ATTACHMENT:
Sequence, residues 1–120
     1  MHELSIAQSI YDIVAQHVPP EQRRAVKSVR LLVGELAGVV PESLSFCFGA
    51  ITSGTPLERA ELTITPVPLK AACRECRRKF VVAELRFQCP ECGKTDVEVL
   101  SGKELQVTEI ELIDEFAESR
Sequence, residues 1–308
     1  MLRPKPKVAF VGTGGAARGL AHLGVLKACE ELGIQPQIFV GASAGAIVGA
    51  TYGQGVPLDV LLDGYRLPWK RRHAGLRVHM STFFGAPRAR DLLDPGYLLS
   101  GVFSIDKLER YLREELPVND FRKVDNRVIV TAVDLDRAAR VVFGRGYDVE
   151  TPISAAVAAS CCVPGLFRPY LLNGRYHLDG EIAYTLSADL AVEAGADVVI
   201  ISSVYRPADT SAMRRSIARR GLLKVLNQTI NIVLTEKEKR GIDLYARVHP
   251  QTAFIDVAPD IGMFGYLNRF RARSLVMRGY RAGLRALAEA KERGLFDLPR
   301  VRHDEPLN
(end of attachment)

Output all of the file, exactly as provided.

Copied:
Sequence, residues 1–120
     1  MHELSIAQSI YDIVAQHVPP EQRRAVKSVR LLVGELAGVV PESLSFCFGA
    51  ITSGTPLERA ELTITPVPLK AACRECRRKF VVAELRFQCP ECGKTDVEVL
   101  SGKELQVTEI ELIDEFAESR
Sequence, residues 1–308
     1  MLRPKPKVAF VGTGGAARGL AHLGVLKACE ELGIQPQIFV GASAGAIVGA
    51  TYGQGVPLDV LLDGYRLPWK RRHAGLRVHM STFFGAPRAR DLLDPGYLLS
   101  GVFSIDKLER YLREELPVND FRKVDNRVIV TAVDLDRAAR VVFGRGYDVE
   151  TPISAAVAAS CCVPGLFRPY LLNGRYHLDG EIAYTLSADL AVEAGADVVI
   201  ISSVYRPADT SAMRRSIARR GLLKVLNQTI NIVLTEKEKR GIDLYARVHP
   251  QTAFIDVAPD IGMFGYLNRF RARSLVMRGY RAGLRALAEA KERGLFDLPR
   301  VRHDEPLN